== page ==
How to De-Winterize Your House in 5 Simple Steps

Before the cold sets in, you should winterize your outdoor plumbing system in order to prevent damage from frozen pipes. You don’t use your outdoor plumbing during the winter, so it’s safer to drain the system of water and shut off the water supply to prevent freezing. When spring comes around, you’ll have to de-winterize your house in order to use your hose for things like garden watering, car washing, and kiddy pool filling.

Most people only winterize their exterior plumbing because it doesn’t receive any use during the winter and is therefore more prone to freezing. Because you use your indoor plumbing on a constant basis, it’s at less risk. However, if you’re a snowbird and planning to be gone for weeks or months out of the winter, you should winterize your entire house—indoor and outdoor plumbing included.

To de-winterize your house means you’re getting your plumbing back in shape for everyday use. It’s a pretty simple process that basically involves reversing what you did in the fall to winterize your plumbing.

In this post, we are focused on exterior faucets. However, the same process applies if you are de-winterizing your whole house.

5 Easy Steps to De-Winterize Your House

Step 1: Remove aerators from all faucets.

Removing the aerator allows any water build-up to drain out of the system.

Step 2: Open the water supply valves on each faucet.

Each faucet has its own supply valve that controls the flow of water to the faucet. When you winterize your faucets, you turn off the individual supply valves as well as the central water supply valve. Make sure the faucets are in the off position when you open the supply valve.

Step 3: Open the supply valve at the hot water heater.

After you open the supply valve on the hot water heater, open one of your exterior hose bibs, or spigots. This will allow you to check that the water is flowing, and will also help to release some of the pressure that has built up while the flow of water has been cut off.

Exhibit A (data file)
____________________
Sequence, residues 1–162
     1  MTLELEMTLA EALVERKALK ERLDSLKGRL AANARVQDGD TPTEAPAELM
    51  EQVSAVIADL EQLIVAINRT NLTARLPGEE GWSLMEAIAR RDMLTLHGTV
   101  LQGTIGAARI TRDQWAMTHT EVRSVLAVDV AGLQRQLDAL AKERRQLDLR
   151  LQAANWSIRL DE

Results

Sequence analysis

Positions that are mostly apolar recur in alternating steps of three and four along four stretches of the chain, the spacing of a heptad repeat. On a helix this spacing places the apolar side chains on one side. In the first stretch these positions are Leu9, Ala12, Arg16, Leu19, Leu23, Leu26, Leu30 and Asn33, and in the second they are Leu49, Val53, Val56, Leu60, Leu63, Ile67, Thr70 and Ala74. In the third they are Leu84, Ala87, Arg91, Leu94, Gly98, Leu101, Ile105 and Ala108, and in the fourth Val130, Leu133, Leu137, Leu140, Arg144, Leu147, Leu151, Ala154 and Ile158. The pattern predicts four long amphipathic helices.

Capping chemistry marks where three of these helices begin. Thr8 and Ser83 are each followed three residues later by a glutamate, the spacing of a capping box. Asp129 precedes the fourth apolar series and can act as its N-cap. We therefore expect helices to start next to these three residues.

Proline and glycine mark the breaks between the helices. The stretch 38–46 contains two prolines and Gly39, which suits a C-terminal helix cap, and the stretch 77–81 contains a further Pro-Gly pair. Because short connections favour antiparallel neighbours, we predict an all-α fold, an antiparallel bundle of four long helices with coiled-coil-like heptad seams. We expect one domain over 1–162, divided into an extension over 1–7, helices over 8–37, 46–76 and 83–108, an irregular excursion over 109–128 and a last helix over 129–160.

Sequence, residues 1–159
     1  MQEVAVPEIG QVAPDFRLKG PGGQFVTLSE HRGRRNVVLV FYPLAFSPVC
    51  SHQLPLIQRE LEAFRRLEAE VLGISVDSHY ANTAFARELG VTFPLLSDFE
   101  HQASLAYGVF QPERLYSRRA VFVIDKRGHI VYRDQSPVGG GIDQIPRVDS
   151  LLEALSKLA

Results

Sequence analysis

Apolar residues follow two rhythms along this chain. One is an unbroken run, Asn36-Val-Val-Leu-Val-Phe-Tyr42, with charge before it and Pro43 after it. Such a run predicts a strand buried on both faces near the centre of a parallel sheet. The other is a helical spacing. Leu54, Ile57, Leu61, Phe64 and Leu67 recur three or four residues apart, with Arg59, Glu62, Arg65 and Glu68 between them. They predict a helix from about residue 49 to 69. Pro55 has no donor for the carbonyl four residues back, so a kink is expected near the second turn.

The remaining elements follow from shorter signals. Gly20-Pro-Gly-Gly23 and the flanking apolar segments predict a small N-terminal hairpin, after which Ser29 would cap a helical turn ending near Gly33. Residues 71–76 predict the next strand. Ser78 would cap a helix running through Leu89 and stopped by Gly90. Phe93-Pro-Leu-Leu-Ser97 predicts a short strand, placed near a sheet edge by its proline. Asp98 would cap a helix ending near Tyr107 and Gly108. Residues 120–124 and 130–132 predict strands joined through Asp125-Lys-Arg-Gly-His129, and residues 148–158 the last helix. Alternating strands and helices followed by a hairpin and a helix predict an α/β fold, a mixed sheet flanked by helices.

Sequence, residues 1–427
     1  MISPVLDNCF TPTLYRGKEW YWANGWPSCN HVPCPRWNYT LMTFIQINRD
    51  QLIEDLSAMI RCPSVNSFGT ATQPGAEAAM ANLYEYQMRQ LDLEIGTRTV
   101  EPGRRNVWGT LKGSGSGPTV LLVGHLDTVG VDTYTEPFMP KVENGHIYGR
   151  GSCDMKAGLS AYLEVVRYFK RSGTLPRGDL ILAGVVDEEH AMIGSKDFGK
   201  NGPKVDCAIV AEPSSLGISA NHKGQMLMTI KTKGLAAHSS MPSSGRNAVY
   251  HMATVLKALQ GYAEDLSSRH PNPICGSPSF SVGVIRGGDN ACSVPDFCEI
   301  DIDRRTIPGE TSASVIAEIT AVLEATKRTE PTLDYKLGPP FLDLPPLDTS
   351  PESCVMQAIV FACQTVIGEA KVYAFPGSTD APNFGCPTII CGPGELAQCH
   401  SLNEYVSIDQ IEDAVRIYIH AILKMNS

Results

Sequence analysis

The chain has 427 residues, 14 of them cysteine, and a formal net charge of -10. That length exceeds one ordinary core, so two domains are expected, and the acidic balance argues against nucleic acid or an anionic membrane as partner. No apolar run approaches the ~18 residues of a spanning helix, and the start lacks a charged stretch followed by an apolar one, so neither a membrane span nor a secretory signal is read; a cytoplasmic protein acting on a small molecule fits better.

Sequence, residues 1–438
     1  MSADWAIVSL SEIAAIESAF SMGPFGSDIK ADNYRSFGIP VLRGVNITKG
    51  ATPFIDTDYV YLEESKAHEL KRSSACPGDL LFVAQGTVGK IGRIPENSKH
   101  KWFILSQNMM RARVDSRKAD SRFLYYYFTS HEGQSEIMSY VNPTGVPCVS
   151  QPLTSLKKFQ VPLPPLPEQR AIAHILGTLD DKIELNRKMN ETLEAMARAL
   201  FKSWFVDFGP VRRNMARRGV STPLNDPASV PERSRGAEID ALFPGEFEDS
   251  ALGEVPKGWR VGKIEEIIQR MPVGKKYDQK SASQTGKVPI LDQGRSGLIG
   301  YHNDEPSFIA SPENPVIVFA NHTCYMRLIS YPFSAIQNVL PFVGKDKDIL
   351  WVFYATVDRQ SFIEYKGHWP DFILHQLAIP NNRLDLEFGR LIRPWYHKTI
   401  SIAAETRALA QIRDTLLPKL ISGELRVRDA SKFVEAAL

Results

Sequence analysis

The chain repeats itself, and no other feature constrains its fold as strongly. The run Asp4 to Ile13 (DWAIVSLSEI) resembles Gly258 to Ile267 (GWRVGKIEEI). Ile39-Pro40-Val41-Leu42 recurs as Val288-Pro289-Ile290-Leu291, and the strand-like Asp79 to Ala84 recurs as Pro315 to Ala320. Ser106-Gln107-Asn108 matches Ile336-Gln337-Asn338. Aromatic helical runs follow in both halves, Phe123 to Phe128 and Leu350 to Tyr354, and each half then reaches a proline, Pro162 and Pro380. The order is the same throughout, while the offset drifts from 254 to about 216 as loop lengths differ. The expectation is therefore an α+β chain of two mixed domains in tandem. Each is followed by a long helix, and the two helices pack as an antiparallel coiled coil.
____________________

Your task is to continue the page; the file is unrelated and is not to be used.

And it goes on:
Step 4: Open the supply valve at the water meter.

The water meter supply valve is the central water supply for your house. Do not open this supply valve in one motion. Take it slowly and carefully. Twist the valve a quarter turn every 10 seconds. This will allow the flow of water to increase gradually, rather than flooding your plumbing lines in a rush that can shock and overwhelm the system, causing leaks.

It’s best to perform this step with a few helping hands. Station people throughout the house to watch and listen for leaks. If you discover a leak, turn off the water supply immediately and call your plumber.

Step 5: Turn on all exterior faucets.

Once the central supply valve is open and after you’ve checked for leaks, turn on all exterior faucets. Letting them flow for a couple minutes will help purge any sediment that has settled inside the pipes. Let them run until the water flows clear. While they’re running, walk around to each spigot to check the water pressure. Low pressure can indicate that there’s a leak somewhere inside the shaft.  Call your plumber to check the system if you’re unsure.

And that’s it! That’s how your de-winterize your house. Now get out there and enjoy the sunshine.

Font Resize
Contrast